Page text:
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Blue smoke vs White smoke

DeanDean Posts: 29
edited 3:08PM in EggHead Forum
I made my first batch of baby backs yesterday. Slow cooked at 210 degrees for 5 hours. I thought they were pretty good.[p]I started the fire with a small batch of hot coal and then piled on a lot of extra so it started and stayed low the whole time. I did however have a lot of white smoke for 2 to 3 hours. I've just read that this is not the best as it can impart a bitter taste.[p]Well if the above is true I guess the ribs could have been a lot better. Key question: Did I start the fire wrong for low and slow ?[p]All suggestions are welcome. Thanks,[p]Dean

Comments

  • Tim MTim M Posts: 2,410
    Dean,[p]Each to his own methods and tastes, but I would not do it that way. 5 hrs is a lot for baby backs. I hope they were done indirectly or they would probably be pretty dry and crispy. Adding lump on top of a fire is not needed to make the fire stay at low temps and it will produce a lot of un-needed smoke - and it would be the least desireable smoke in my opinion. At start up the fresh lump has dust and other fine stuff on it that quickly burns off as the fire gets going and gets stabilized, you can often notice some strange pungent odors at startup where this dust and stuff burns off before the main pieces of pure carbon. Adding fresh lump on a fire and then adding the meat will soak it up in this smoke and could (lump varies) add extra tastes you may not want. My suggestion is to add pleanty of lump for the own cook and limit the oxygen in and out of the cooker to keep the fire at the desired temp. Add wood chips or chunks as desired for flavoring. Get your rib meat temp to 180-190° which should take less than 5 hrs, for baby backs, and cook them at 250-325 indirectly depending on what setup you use.[p]Tim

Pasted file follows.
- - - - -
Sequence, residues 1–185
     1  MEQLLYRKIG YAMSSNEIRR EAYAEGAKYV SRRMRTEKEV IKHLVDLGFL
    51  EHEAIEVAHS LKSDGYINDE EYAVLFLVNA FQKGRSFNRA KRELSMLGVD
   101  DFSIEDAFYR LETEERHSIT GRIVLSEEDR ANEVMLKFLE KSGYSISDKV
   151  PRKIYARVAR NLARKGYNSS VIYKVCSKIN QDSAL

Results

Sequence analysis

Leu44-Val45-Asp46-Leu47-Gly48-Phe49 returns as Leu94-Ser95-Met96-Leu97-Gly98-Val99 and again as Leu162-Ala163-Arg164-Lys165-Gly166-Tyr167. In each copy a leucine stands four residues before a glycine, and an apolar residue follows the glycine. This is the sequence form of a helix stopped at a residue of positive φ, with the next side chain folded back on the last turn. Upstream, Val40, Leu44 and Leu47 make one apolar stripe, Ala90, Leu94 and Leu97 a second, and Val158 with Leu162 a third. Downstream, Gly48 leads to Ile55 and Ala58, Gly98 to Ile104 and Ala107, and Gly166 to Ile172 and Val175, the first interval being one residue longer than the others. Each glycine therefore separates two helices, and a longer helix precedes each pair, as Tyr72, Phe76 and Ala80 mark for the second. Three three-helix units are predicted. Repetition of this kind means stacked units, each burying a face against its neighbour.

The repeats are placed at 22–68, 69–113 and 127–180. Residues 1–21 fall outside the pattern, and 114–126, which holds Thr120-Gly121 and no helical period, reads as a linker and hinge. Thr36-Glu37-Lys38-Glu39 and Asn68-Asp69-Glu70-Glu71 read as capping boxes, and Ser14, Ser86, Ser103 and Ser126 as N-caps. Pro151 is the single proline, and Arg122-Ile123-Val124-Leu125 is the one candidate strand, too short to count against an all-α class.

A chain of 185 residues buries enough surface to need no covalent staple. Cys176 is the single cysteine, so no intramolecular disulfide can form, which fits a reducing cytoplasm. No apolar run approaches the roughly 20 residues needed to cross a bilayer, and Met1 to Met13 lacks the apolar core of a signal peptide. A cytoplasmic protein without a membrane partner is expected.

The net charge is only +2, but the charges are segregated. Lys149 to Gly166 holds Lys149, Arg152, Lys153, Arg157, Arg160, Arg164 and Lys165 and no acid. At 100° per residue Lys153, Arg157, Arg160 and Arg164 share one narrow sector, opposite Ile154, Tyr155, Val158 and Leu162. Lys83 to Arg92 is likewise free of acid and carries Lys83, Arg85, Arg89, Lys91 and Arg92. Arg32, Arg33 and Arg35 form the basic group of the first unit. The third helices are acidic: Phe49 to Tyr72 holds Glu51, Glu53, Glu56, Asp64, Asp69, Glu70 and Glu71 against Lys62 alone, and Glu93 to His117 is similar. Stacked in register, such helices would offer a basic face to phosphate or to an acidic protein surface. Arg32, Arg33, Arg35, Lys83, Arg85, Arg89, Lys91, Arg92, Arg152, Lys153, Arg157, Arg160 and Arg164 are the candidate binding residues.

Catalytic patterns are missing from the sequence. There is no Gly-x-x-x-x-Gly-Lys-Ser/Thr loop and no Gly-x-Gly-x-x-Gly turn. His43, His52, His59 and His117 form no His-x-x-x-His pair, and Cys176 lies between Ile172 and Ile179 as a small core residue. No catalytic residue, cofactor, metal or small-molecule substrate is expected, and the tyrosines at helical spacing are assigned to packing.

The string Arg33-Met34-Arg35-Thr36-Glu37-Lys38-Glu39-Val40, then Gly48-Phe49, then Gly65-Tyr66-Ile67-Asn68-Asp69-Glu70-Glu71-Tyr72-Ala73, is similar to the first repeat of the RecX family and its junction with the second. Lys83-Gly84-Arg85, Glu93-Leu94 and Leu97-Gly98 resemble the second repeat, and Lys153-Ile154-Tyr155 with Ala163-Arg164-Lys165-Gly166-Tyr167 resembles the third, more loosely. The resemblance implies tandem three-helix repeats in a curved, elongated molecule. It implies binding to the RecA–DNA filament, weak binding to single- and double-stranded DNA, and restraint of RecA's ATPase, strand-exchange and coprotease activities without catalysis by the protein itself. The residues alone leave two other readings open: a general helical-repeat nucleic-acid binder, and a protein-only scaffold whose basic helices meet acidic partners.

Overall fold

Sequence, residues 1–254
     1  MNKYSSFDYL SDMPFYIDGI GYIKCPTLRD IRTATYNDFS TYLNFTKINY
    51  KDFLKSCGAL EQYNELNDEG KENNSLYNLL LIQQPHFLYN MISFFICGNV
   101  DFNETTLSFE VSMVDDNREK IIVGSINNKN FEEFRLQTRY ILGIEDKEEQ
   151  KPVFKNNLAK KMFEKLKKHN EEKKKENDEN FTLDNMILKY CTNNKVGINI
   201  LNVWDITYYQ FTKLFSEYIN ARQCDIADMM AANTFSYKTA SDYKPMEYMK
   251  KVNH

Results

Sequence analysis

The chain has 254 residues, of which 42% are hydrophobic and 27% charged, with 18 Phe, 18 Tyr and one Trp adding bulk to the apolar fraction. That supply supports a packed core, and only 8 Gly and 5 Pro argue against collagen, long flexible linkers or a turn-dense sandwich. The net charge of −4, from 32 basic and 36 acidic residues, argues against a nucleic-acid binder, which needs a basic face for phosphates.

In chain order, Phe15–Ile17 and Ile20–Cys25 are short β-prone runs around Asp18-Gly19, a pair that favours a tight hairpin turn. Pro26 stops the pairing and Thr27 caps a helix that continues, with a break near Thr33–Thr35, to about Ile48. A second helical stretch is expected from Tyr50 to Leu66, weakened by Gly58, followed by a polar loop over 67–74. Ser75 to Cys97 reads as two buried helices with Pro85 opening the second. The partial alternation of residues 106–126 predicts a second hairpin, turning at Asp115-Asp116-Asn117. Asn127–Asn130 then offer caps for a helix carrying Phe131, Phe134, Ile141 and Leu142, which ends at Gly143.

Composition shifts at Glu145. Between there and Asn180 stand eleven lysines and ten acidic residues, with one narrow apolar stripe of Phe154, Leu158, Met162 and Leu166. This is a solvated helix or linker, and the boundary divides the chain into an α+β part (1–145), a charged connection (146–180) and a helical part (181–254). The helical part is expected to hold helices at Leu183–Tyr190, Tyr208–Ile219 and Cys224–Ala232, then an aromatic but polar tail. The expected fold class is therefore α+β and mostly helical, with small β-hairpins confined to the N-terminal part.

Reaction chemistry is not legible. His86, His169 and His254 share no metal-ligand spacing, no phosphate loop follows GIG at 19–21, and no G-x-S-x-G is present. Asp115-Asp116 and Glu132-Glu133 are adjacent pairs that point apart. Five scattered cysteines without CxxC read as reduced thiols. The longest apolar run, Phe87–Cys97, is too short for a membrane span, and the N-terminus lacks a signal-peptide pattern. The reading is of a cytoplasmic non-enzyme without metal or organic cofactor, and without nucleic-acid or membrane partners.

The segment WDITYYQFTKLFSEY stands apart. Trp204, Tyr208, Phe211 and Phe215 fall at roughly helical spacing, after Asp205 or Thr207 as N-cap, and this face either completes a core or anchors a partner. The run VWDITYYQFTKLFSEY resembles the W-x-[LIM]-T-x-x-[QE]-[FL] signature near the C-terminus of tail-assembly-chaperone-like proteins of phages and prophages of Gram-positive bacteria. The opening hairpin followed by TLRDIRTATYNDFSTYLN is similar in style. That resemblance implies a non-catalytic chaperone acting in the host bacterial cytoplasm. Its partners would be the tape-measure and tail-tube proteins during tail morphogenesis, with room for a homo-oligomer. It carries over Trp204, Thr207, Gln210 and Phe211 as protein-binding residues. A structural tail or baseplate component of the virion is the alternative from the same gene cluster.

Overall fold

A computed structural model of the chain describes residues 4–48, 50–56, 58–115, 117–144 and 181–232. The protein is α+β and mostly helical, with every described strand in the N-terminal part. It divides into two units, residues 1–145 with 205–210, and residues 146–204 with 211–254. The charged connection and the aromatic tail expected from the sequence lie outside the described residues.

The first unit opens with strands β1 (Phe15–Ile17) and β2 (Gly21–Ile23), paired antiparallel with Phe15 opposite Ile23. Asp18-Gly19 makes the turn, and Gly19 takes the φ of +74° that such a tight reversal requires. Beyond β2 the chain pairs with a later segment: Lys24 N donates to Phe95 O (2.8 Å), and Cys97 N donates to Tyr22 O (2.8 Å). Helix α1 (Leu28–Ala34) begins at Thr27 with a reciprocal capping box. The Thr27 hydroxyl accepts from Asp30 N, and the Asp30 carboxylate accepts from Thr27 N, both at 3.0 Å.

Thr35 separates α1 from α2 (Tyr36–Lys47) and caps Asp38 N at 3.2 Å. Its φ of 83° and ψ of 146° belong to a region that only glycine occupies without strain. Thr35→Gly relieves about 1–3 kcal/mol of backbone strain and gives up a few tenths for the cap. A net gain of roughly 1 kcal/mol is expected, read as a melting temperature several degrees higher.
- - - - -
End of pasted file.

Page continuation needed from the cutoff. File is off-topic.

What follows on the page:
[ul][li]Tim's place and cookbook[/ul]
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